The Lower Valley was represented during last weekend's Seattle to Portland bicycle run. That included two doctors from a Sunnyside chiropractic clinic, Troy Fodor and Tim Thompson, and a Sunnyside Community Hospital employee, Tom Lathen.
It was Lathen's second attempt at the event.
"I did it four years ago and didn't finish and I wanted to try it again," Lathen said.
Despite weeks of training, though, the heat and humidity of western Washington last Saturday was too much for Lathen, who had to leave the race after 50 miles.
Prior to the race, Lathen asked his wife to make him wait an hour before quitting if he ever thought about stopping the race.
He waited the hour, but still knew it was time.
"I asked myself why I was doing this. It wasn't fun" he said, noting the combination of pain and doing the ride alone made him decide from now on to stick to rides 50 miles or less.
"It gave me some perspective on what's important," he said. He may not have finished the ride, but it was still a good cause as he raised $1,000 for Parkinson's research, a disease which claimed his mother.
Lathen is scheduled to preach at his home church Sunday, July 29, and was set to talk about how God helped him overcome to finish the race.
"I might have to think of something different now," he laughed.
Lathen may not have finished the Seattle to Portland bike trek, but his example inspired Fodor and Thompson to give it a try.
"Tom Lathen from the hospital inspired me," Fodor said. "He's the reason I went."
Fodor and Thompson stayed close together on the Seattle to Portland bike run, starting at 4 a.m. on Saturday and ending up in Portland at 7 p.m. that same day.
Thompson said they probably spent the better part of 11 hours on the bike, with stops every 50 miles to take a break.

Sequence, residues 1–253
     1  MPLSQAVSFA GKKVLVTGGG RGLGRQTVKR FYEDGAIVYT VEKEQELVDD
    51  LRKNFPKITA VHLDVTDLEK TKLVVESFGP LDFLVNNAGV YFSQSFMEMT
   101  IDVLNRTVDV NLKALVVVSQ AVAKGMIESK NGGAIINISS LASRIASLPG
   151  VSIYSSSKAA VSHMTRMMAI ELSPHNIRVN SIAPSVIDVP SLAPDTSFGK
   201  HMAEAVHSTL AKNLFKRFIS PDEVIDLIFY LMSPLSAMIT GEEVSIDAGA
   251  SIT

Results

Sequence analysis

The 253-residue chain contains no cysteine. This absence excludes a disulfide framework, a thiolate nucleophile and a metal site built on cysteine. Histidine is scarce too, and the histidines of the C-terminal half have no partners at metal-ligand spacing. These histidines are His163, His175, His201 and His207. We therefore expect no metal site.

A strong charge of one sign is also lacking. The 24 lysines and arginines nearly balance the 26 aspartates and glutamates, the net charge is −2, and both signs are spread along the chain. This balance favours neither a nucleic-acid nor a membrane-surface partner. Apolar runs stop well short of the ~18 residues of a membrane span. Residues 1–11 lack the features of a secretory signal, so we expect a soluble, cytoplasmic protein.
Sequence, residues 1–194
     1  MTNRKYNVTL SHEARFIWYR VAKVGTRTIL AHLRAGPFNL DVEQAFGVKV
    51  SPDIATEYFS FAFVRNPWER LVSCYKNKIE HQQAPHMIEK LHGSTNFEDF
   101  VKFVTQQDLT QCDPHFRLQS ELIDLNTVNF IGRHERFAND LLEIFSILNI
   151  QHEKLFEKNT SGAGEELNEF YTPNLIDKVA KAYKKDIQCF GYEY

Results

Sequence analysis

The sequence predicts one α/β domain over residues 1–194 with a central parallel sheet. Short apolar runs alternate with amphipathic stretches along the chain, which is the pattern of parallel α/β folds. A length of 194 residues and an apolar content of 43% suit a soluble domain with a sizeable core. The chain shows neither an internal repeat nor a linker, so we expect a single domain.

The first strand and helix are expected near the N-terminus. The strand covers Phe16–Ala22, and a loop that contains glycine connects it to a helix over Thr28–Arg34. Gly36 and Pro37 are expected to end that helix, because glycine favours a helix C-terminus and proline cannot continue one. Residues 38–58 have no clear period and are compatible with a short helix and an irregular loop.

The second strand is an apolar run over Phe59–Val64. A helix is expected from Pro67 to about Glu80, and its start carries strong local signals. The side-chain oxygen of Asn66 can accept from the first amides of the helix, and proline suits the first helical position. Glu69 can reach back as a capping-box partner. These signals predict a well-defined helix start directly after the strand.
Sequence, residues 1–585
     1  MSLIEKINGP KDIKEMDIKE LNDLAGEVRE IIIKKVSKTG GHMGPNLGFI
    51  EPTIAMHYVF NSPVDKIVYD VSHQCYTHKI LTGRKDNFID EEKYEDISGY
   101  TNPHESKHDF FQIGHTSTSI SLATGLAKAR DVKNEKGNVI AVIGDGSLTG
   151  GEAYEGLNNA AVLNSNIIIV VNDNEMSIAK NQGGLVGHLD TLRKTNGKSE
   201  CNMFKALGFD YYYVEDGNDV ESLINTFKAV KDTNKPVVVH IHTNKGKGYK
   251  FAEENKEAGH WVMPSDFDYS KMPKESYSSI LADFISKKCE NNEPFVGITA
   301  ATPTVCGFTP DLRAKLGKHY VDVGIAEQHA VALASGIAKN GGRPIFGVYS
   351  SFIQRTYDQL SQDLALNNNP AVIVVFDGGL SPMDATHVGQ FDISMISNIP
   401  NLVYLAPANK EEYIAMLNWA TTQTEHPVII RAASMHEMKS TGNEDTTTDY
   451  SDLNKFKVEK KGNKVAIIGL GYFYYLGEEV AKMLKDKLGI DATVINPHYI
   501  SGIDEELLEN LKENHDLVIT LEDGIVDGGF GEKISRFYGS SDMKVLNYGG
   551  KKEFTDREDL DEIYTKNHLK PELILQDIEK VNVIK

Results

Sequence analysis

The two trained for 10 weeks leading up to the bike run, with Thompson logging about 800 practice miles and Fodor more than 1,100.
Practice still didn't prepare them for all they would endure on the Seattle to Portland run, including highway traffic.
Then there were other practical considerations.
"Just being on the bike for that many hours is real tough on the rear end," Thompson said. "I had some knee problems, too."
Fodor and Thompson originally planned to make it a two-day bike ride.
"But it was better to get it done in one day. We heard that getting back on the bike for a second day is the hardest part," Thompson said. Added Fodor, "I didn't relish the thought of getting back on the bike for a second day."
Though there was plenty of traffic along the Highway 99 route-one cyclist was hit by a drunk driver-there were also 9,000 bicyclists and thousands more along the roadway lending moral support.
"There were literally thousands of people along the road cheering us on," Thompson recalled. "It felt like a mini Tour de France. People would give you high fives as you were going by."
Fodor said the toughest part of the bike ride for him was cycling down the Longview bridge into Oregon. "The expansion joints on the bridge are far apart and when you're going downhill on a bike you really slam into them," he noted. "You feel like the bike is going to fall apart, but you can't slow down for them."
Fresh off their successful Seattle to Portland ride, Fodor and Thompson are planning a 120-mile ride this September in Canada to raise money for cancer research.
And they plan to do the Seattle to Portland event next year.
"I'm going to train more, put in twice as many miles," Thompson said.
Fodor said he was thankful for the bike pathway that crisscrosses the Lower Valley through Sunnyside and Grandview. "We do that for our short ride," he said of practice runs that include the trail.
For those thinking of giving Seattle to Portland a try, Fodor's advice is simple and to the point, "Get a good training schedule and stick with it."